In normal circumstances, the phrase “patent pending” is used to let the public know that an inventor has filed a patent application. But there’s a frosty, flavorful exception to that definition from Minnesota’s Twin Cities: a St. Paul brewery has teamed up with a Minneapolis museum to celebrate innovation with a cold beer called Patent Pending.
St. Paul’s Blackstack Brewing concocted Patent Pending (it has “a fruity tropical smell with a slight candy taste,” according to one reviewer) specifically for the Bakken Museum’s “Spark” exhibit. The museum says Spark is a celebration of the critical moment of inspiration – the spark – “that transforms someone from a consumer into a creator.”
For those who have experienced the spark and then put in the considerable time and work needed to convert the idea into a marketable product or process, the words “patent pending” show the public that the inventor has taken the next step and applied for a patent that has not yet been granted.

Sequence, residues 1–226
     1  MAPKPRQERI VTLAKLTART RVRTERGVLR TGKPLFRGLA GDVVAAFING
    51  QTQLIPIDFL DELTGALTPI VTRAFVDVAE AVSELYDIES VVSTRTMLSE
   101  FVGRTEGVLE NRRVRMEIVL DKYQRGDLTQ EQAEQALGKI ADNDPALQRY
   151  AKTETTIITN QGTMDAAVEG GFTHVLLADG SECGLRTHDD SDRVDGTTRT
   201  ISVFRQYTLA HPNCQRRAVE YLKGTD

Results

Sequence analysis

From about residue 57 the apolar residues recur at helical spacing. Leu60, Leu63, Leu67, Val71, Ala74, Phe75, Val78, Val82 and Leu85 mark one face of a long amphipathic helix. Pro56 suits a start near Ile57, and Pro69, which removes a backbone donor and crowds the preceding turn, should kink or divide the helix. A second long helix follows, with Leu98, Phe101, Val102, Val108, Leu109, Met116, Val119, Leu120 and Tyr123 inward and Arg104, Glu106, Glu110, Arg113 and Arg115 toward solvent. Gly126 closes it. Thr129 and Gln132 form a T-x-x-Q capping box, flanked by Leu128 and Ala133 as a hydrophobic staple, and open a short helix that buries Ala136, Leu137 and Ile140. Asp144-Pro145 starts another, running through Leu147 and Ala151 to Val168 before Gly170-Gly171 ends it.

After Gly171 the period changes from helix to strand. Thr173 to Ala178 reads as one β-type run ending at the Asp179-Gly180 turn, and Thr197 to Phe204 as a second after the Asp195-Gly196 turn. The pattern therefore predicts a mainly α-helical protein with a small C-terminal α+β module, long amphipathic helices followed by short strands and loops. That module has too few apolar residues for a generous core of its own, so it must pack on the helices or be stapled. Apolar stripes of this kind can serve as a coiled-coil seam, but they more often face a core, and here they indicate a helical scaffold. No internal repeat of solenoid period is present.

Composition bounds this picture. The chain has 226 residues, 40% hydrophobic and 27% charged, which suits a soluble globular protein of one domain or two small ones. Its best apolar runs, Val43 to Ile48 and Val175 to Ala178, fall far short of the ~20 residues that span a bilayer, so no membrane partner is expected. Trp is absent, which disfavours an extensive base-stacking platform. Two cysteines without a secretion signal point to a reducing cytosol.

But the legal designation “patent pending” is more than a public notice. It’s also meant to alert businesses and inventors – especially potential patent infringers – that a legal claim has been staked and that those who copy the product or process could be liable for damages after a patent has been issued. One possible outcome for the copier is that their copycat items could be seized.
Because the patent-pending notice establishes a priority date – the date the patent application was filed – another possible outcome for someone who infringes on the patent is that they could be held liable for back-dated royalties.
It should be noted that the holder of the provisional patent cannot sue an infringer until the patent has been granted and, that after the patent’s been granted, the “patent pending” phrase can no longer be used.